But in addition to this, there are several more practical reasons – at least as the Apostles were concerned. Every word that Jesus ever spoke regarding His earthly life was authenticated as true. Yes, there are some things yet to be fulfilled, but everything which was meant to be fulfilled has been. “Blessed be the LORD, that hath given rest unto his people Israel, according to all that he promised: there hath not failed one word of all his good promise, which he promised…” It is easy to worship the God of truth, knowing “now that there shall fall unto the earth nothing of the word of the LORD.” Ah, but honesty and truthfulness are attributes towards which all men should strive. Our word should not fail either, even if our promises are on a limited and very lowly plain. But we should not be worshipped for our word, but the words of Christ are on a very different level.
He should be worshipped because in defeating death He did something only deity can do. We acknowledge that through the power of God, people had been resurrected earlier in history. But there is one major difference between the resurrection of Lazarus or the son of widow of Zeraphath and this resurrected Christ. Those others were raised by the grace and power of God. Christ was raised by the holy justice and power of God. Lazarus had no right to expect to be raised, but Christ Jesus did. Christ died, but death could not hold Him, because it had no authority over Him. “Wherefore, as by one man sin entered into the world, and death by sin; and so death passed upon all men, for that all have sinned: That as sin hath reigned unto death, even so might grace reign through righteousness unto eternal life by Jesus Christ our Lord.” Christ had no sin, so death had no claim on Him. His resurrection from the grave was required by the justice of God.
In prophecy, Isaiah’s 25th chapter gave praise to God – “O Lord, thou art my God; I will exalt thee, I will praise thy name; for thou hast done wonderful things; thy counsels of old are faithfulness and truth.” But what the Lord had done, was only a small beginning compared to what was coming up. Isaiah went on “He will swallow up death in victory; and the Lord will wipe away tears from off all faces… For this corruptible must put on incorruption, and this mortal must put on immortality.” Not only is this scripture quoted in the Book of Revelation in regard to Heaven and eternity, it is also the basis of Paul’s thoughts at the end of I Corinthians 15 – “So when this corruptible shall have put on incorruption, and this mortal shall have put on immortality, then shall be brought to pass the saying that is written, Death is swallowed up in victory. O death, where is thy sting? O grave, where is thy victory? The sting of death is sin; and the strength of sin is the law. But thanks be to God, which giveth us the victory through our Lord Jesus Christ.”
Christ Jesus should be worshipped as the Saviour. “This is a faithful saying and worthy of acceptation, that Christ Jesus came into the world to save sinners.” And how did He accomplish that? “He was wounded for our transgressions, he was bruised for our iniquities, the chastisement of our peace was upon him, and with his stripes we are healed.” “For Christ also hath once suffered for sins, the just for the unjust, and that might bring us to God, being put to death in the flesh, but quickened by the Spirit.” In Revelation 7 John was given a glimpse into the throne room of God, where he saw a great multitude of redeemed saints, along with angels and others. They were surrounding the throne of the Lamb of God – the glorified Jesus Christ. And the multitude “cried with a loud voice, saying, Salvation to our God which sitteth upon the throne, and unto the Lamb.” And everyone “fell before the throne on their faces, and worshipped.” The basis of that worship was the salvation which had been given to them.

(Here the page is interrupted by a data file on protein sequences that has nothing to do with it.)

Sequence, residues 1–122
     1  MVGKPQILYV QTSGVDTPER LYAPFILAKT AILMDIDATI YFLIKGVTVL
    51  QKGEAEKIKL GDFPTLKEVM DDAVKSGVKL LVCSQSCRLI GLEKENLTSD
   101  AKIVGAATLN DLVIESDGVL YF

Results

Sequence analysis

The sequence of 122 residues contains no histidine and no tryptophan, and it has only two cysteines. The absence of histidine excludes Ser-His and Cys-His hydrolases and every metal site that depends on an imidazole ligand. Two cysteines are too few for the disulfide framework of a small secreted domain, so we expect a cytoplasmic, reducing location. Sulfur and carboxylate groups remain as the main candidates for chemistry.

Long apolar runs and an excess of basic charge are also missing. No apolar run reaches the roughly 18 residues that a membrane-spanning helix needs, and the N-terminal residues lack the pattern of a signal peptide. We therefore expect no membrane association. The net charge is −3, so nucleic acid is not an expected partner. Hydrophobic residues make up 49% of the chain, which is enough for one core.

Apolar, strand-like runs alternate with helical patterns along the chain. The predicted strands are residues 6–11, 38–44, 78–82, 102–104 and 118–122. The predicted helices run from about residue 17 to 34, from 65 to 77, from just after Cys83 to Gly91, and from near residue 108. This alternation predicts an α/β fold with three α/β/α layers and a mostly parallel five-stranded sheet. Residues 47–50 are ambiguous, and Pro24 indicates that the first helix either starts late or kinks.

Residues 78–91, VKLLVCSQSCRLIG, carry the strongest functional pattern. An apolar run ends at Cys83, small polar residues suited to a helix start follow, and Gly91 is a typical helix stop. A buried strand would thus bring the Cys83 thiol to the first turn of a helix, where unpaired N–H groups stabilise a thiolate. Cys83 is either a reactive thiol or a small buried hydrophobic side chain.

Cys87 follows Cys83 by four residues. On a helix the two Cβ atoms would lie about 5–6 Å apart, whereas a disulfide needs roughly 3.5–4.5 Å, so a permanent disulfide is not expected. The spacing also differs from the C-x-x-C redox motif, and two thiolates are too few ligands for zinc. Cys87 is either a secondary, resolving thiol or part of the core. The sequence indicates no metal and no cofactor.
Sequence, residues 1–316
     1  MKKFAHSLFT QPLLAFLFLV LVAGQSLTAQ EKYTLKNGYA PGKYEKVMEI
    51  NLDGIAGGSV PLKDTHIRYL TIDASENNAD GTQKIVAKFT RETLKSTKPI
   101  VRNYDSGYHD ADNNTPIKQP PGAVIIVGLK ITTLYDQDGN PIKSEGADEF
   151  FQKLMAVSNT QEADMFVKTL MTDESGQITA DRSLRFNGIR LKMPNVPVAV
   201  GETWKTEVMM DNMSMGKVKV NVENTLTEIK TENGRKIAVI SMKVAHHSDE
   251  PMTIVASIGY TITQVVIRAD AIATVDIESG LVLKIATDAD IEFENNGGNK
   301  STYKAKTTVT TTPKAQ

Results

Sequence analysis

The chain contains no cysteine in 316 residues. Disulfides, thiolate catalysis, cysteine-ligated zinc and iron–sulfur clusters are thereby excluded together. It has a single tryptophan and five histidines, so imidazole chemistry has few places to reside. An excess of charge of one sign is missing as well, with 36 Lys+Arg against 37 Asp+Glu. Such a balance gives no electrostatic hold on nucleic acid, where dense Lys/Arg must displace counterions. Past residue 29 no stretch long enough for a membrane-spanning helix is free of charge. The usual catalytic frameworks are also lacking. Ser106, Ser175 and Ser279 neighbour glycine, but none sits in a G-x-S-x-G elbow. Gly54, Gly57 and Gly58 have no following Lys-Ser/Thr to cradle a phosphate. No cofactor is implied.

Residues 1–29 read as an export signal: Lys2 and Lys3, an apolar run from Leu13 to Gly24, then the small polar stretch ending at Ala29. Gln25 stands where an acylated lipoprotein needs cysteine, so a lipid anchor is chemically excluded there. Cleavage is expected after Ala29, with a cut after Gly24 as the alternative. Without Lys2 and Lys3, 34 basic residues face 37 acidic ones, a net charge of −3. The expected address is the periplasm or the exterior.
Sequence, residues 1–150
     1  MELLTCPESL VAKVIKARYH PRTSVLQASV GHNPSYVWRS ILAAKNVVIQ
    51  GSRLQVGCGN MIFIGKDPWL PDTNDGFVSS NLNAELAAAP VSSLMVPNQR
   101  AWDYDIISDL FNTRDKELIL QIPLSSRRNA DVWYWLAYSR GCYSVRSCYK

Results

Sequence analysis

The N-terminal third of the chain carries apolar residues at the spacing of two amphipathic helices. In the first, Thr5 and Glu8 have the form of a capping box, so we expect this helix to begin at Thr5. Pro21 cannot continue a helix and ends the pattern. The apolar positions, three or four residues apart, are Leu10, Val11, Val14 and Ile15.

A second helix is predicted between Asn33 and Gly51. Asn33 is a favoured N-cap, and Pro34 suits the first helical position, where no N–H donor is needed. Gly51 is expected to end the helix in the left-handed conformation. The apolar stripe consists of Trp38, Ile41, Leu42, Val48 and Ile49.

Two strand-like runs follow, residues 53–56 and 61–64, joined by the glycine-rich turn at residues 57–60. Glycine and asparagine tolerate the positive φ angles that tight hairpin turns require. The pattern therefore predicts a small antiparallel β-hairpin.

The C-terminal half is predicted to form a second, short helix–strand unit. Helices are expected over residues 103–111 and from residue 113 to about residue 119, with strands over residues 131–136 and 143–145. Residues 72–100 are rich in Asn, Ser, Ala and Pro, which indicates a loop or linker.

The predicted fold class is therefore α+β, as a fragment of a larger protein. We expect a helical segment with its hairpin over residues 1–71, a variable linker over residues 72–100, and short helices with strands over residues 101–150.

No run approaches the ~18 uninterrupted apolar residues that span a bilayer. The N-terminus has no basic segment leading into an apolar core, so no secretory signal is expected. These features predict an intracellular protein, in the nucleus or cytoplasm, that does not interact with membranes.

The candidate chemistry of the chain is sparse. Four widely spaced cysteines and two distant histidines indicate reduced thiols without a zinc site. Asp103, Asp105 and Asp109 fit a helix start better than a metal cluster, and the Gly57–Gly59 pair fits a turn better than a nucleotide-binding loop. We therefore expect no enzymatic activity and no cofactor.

Jehovah should be worshipped for a great many reasons – but one stands out above them all. I suppose that it might be possible for someone to acknowledge Christ as the Creator, but that person’s worship might not be accepted. Technically someone might believe that Christ is the holy God, but again his worship might be rejected. The reason is that we are all sinners and alienated from God, because of our sinful condition. Until that univeral human condition is corrected, we have nothing acceptable to offer God – not even worship. Until we be are born again and in possession of a regenerated spirit, we don’t have the means of fellowship with God or the ability to worship Him.
So the question is – have you been born again? Have you joined these disciples at the top of the hill? Are you living in repentance before Him? Is your faith in the finished work of the Saviour upon the cross? Believe on the Lord Jesus Christ and you will be made fit to properly worship His holy name. I implore you to repent before God and trust Christ – “Believe on the Lord Jesus Christ and thou shalt be saved.”